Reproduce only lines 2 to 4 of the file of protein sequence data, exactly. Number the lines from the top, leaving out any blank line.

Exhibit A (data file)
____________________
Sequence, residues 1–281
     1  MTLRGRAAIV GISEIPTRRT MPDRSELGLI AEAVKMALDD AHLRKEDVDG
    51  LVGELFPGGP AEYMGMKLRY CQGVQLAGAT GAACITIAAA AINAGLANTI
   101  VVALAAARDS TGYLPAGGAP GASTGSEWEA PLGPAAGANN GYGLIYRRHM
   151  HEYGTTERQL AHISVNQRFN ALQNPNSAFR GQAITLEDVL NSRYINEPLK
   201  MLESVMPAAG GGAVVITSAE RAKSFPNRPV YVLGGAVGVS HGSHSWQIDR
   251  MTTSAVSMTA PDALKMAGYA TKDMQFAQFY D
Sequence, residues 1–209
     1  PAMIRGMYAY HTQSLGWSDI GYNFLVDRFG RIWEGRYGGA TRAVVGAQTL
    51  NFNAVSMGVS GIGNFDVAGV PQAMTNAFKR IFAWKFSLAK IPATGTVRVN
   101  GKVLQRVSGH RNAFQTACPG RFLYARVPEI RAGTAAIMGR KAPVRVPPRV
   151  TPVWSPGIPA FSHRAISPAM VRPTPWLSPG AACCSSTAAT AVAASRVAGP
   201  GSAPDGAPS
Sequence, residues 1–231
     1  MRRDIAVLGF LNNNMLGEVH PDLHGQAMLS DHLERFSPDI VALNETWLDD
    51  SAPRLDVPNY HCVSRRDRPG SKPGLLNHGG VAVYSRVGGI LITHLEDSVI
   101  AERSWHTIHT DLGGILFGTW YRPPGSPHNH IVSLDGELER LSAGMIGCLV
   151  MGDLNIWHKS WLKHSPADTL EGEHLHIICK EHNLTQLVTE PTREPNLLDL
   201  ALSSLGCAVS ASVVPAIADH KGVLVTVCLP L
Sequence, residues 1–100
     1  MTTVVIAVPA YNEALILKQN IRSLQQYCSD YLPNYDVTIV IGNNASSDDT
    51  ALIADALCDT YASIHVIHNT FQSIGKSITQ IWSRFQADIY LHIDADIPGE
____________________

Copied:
     1  MTLRGRAAIV GISEIPTRRT MPDRSELGLI AEAVKMALDD AHLRKEDVDG
    51  LVGELFPGGP AEYMGMKLRY CQGVQLAGAT GAACITIAAA AINAGLANTI
   101  VVALAAARDS TGYLPAGGAP GASTGSEWEA PLGPAAGANN GYGLIYRRHM